What we have all seen is the demonstration of the extraordinary generosity of the people and the Government of Uganda, receiving so many hundreds of thousands, almost 1 million, South Sudanese refugees as sisters and brothers and sharing with them their land and everything they have.
In a world where so many people are selfishly closing their doors, closing their borders, not allowing refugees to come, this example deserves praise, admiration from the whole international community.
Tomorrow, the international community will have the opportunity to express its solidarity to the refugees and the people and Government of Uganda, responding to our appeal for massive financial support, both for humanitarian aid for the refugees but also for the investments needed for the education system, the health system, the infrastructure, the environment of this area, to be able to cope with this enormous challenge. And, at the same time, I cannot forget that twelve years ago I was here, in June, in this same place, I was [marking] World Refugee Day with South Sudanese refugees that were singing with joy because they were going back home soon. And indeed, I was able a few years later to accompany many of them across the border, going back home, reuniting with their families and hoping that their new country would be in peace.
Unfortunately, the leaders of the country have not deserved the people they have. And the people are suffering enormously with this endless war. It is time for the war to end. It is time for all the leaders of South Sudan to understand that they need to stop this war. And I am very grateful for the efforts made by the Heads of State of the region, the regional organization, the IGAD [Intergovernmental Authority on Development], efforts made by the African Union, by the United Nations itself, in order to create the conditions for peace to be re-established. Peace in South Sudan is a must for these people to be able to have a future.
Q: Secretary-General, you are asking for $8 billion over four years. You sought $1.4 billion, you only got 18 percent. Are you sure that this time, the international community will listen to your pleas?
SG: That is the reason you are all here! [pointing at the media]. It is to help me convey to the international community this very strong message. When we have now four million people displaced in South Sudan – two million inside and almost two million outside, with half of them in Uganda – it is absolutely essential that this solidarity, this generosity, shown by the people of Uganda and the Government of Uganda is matched by the same solidarity of the international community.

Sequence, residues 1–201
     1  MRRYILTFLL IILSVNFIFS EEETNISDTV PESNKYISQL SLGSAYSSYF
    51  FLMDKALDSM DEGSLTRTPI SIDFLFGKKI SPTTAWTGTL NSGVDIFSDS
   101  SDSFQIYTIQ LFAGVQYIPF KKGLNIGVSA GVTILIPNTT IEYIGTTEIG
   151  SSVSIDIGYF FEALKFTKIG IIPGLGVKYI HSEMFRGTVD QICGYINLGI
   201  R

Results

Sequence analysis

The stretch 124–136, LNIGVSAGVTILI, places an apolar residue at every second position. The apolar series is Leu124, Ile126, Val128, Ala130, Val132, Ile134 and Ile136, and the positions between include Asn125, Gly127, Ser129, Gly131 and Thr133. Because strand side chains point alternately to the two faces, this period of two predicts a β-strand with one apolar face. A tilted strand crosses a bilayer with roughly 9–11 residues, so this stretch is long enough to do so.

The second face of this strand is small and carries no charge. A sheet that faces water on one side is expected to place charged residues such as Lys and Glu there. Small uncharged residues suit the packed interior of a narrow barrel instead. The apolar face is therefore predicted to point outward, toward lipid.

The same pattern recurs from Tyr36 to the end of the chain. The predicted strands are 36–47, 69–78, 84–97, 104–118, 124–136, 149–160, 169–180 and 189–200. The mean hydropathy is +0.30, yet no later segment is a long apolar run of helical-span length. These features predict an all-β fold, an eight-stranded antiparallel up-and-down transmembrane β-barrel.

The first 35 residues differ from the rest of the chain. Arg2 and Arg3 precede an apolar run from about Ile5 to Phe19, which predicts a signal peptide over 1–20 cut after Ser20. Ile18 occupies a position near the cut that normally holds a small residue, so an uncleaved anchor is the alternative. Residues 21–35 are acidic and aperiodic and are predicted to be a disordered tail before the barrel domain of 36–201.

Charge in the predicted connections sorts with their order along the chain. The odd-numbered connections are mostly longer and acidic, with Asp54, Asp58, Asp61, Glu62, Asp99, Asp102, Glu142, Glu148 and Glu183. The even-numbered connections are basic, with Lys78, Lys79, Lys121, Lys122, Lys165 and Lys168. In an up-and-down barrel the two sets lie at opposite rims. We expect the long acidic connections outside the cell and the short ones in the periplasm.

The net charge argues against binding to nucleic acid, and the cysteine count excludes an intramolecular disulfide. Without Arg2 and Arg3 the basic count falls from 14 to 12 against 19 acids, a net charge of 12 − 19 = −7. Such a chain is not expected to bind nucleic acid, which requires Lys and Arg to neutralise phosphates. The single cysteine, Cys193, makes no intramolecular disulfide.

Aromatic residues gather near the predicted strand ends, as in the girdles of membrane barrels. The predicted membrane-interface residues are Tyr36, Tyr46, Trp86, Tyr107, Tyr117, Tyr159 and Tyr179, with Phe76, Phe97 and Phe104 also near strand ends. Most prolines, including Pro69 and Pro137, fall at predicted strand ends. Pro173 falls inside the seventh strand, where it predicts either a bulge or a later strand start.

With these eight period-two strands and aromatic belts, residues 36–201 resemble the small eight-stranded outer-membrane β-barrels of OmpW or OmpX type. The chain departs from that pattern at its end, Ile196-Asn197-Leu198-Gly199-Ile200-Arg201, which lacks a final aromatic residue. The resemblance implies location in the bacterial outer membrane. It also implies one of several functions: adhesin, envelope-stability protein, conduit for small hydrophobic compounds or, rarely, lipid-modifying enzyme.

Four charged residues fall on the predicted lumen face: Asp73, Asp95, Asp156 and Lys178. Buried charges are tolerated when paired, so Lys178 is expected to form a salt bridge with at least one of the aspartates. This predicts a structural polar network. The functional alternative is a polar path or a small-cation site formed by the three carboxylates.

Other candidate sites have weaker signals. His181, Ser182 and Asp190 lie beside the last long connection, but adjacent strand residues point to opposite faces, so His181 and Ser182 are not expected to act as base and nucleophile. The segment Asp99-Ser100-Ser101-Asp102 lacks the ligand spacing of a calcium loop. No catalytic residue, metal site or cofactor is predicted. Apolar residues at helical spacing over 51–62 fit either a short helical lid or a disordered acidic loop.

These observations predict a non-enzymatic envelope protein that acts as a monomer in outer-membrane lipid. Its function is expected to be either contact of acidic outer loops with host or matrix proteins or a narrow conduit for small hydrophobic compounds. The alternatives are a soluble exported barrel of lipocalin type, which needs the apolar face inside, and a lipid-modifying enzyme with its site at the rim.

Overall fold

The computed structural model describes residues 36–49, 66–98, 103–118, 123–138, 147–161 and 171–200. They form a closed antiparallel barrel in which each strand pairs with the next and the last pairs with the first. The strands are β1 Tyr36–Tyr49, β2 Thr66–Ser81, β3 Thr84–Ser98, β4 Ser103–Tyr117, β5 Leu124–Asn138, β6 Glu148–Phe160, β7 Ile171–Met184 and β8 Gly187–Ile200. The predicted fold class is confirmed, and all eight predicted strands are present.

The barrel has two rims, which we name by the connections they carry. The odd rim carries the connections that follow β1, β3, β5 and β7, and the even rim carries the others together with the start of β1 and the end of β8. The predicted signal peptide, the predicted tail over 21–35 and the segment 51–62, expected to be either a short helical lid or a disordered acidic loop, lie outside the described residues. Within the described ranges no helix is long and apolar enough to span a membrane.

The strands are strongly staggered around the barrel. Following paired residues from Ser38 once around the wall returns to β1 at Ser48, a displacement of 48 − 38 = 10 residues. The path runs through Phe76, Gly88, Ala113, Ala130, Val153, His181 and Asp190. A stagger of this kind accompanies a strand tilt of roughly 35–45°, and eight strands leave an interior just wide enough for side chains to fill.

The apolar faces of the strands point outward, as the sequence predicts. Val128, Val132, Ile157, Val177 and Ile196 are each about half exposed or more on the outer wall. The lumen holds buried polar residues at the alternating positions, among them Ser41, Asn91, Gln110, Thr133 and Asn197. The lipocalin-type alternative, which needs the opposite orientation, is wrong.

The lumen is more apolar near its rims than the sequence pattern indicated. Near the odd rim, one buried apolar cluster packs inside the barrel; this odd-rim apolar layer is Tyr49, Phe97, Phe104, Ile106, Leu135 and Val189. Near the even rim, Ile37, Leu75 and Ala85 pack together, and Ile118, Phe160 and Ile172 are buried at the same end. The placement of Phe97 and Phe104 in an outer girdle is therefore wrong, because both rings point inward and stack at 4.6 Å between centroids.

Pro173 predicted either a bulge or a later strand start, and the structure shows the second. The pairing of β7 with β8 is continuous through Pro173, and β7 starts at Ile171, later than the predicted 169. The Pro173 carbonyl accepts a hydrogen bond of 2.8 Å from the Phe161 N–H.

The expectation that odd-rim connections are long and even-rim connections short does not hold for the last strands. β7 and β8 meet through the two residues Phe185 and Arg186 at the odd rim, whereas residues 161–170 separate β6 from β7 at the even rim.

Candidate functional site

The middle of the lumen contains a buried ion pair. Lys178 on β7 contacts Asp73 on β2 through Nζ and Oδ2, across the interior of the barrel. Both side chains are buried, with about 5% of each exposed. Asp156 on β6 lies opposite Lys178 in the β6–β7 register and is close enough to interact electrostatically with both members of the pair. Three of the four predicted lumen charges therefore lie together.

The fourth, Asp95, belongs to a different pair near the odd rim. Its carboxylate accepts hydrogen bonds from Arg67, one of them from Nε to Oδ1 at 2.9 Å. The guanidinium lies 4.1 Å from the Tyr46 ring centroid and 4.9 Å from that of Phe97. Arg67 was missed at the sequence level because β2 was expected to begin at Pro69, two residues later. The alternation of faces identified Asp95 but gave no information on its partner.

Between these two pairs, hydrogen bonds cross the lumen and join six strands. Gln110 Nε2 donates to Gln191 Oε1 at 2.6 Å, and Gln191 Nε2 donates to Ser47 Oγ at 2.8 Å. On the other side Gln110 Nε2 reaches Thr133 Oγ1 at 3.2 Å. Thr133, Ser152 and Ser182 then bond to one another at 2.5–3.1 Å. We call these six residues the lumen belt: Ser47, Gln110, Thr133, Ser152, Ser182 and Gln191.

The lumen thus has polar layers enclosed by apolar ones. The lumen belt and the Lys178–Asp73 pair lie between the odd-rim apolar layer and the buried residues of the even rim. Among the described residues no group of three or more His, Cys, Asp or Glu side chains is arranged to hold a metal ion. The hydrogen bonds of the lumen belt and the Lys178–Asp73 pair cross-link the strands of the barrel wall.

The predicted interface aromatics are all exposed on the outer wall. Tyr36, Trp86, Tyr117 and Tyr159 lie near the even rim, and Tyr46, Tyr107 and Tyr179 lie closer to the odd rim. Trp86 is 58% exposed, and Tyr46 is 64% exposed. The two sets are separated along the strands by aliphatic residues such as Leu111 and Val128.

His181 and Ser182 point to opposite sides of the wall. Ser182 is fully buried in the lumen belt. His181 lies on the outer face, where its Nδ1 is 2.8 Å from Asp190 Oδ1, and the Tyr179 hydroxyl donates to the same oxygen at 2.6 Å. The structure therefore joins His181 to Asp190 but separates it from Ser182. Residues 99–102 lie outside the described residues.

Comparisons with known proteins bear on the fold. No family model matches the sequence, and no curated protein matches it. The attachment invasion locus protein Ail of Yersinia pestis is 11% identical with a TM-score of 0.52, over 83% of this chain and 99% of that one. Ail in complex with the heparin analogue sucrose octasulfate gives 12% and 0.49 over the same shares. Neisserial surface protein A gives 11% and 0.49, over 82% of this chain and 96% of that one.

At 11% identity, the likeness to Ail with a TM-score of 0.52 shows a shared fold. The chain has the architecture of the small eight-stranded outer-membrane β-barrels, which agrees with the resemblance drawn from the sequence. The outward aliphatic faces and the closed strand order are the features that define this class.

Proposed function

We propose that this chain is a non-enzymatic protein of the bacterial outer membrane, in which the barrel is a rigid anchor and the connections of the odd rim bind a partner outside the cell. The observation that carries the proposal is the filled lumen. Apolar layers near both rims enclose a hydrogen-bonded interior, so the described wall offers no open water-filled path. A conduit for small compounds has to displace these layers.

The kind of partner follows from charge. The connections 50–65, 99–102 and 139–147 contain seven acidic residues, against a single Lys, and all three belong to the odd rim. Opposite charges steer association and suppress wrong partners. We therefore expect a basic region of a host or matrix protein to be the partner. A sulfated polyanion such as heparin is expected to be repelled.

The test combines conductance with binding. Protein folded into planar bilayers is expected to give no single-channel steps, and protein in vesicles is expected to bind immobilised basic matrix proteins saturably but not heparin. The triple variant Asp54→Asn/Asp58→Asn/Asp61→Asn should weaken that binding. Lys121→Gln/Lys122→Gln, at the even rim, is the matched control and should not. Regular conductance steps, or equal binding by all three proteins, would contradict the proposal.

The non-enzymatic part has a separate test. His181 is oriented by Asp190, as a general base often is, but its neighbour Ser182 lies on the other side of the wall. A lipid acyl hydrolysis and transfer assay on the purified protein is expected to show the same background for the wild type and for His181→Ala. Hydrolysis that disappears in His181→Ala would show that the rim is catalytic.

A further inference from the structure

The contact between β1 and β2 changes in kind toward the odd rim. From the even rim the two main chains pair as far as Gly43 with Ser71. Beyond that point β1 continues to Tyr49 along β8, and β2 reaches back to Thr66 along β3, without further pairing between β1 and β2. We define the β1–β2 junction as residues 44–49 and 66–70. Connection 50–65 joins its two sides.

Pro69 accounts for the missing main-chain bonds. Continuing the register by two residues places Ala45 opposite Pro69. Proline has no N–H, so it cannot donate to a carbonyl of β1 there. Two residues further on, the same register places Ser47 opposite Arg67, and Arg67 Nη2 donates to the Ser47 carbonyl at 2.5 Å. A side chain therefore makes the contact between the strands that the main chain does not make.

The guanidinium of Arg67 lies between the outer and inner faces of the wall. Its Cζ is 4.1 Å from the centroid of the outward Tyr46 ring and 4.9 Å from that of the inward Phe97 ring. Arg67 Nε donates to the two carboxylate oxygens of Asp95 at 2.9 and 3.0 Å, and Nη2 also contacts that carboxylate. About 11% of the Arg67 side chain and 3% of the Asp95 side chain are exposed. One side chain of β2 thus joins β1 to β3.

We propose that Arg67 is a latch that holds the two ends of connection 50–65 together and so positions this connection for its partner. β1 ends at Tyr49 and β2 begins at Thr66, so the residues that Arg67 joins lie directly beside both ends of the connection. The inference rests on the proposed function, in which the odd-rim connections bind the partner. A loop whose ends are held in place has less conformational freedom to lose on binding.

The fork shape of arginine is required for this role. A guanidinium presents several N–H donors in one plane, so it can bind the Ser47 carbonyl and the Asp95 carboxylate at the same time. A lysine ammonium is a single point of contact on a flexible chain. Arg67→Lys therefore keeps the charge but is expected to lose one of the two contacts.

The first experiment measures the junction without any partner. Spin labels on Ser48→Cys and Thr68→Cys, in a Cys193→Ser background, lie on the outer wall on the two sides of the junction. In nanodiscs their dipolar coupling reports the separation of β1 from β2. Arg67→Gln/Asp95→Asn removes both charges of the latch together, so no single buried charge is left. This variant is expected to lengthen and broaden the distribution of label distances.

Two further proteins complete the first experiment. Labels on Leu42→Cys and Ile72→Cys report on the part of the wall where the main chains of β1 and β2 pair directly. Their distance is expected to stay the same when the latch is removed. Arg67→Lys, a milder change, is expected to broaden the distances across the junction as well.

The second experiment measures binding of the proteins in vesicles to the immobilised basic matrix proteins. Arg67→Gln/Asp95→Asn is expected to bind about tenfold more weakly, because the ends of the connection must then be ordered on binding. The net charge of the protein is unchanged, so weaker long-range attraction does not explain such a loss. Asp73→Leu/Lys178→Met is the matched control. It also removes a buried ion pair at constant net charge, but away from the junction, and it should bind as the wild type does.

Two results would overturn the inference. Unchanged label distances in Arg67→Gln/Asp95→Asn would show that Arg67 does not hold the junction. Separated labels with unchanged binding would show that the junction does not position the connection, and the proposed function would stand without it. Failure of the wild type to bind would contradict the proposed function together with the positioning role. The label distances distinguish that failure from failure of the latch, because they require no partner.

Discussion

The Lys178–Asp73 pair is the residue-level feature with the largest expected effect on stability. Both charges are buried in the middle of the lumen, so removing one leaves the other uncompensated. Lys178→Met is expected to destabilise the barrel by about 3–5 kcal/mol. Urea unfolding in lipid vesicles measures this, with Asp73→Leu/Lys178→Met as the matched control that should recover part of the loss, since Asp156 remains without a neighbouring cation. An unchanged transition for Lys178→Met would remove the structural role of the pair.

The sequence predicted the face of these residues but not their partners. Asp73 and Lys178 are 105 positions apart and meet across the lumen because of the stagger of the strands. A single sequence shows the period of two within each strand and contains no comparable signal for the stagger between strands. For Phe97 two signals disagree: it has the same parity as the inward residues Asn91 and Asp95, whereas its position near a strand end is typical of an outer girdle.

Q: Mr. Secretary-General, the last time you were here, you were here as High Commissioner for Refugees. Twelve years later, you are back here as UN Secretary-General. A lot of the time, you are asking for funding, which wasn’t that very much forthcoming. Will it happen this time, now that you are in a better position probably to ask?
SG: Some funding has been coming, fortunately, but not enough. That’s the reason why I’m here again. Last time was not twelve years ago, since then I have come many times to Uganda because Uganda has always been a very generous refugee-hosting country. Indeed, it is clear that the international community has not been able to match the generosity of those countries – like Uganda – that, in these difficult periods in the world have kept their borders open, the doors open and the hearts of their people open.
Q: Since the CPA [Comprehensive Peace Agreement] in 2005, the UN has had a massive presence in South Sudan the whole time. Yet, we are here. What responsibility does your organization bear for what has happened?
SG: I think we are all responsible. I think, first of all, the leadership of South Sudan is responsible, but we are all responsible for not having helped create the conditions for this country that emerged as a new independent country to be able to live in peace and harmony among its different community groups. I think that the international community needs to do everything possible to stop the terrible suffering of the South Sudanese people.
Q: Mr. Secretary-General, you were here twelve years ago, now you are here again. What’s to say that you or your successor won’t be back in another twelve years, given the state of South Sudan, what’s happening in Congo…?
SG: Unfortunately, when the UN High Commissioner for Refugees was created after the Second World War, it was created for five years and now it is a structure that is permanent. What we have seen is that the international community has today limited capacity to prevent conflict and to timely solve them. That’s the reality we are facing. So two things are necessary: to boost our diplomatic efforts to allow for conflicts to be solved and to mobilize more resources to prevent new conflicts. But, at the same time, it is necessary to understand that for the moment there are dramatic humanitarian needs and dramatic pressure on the infrastructure – the education, the health – of these refugee-hosting countries, so the international community needs to step up and increase its humanitarian and development aid.
Q: Do you think it’s time for you to deal with the leaders of South Sudan themselves?
SG: I have been talking to them many times, and many others are doing so. I think we must all give them a very clear message: it is time to stop this war.
Imvepi, Uganda, 22 June 2017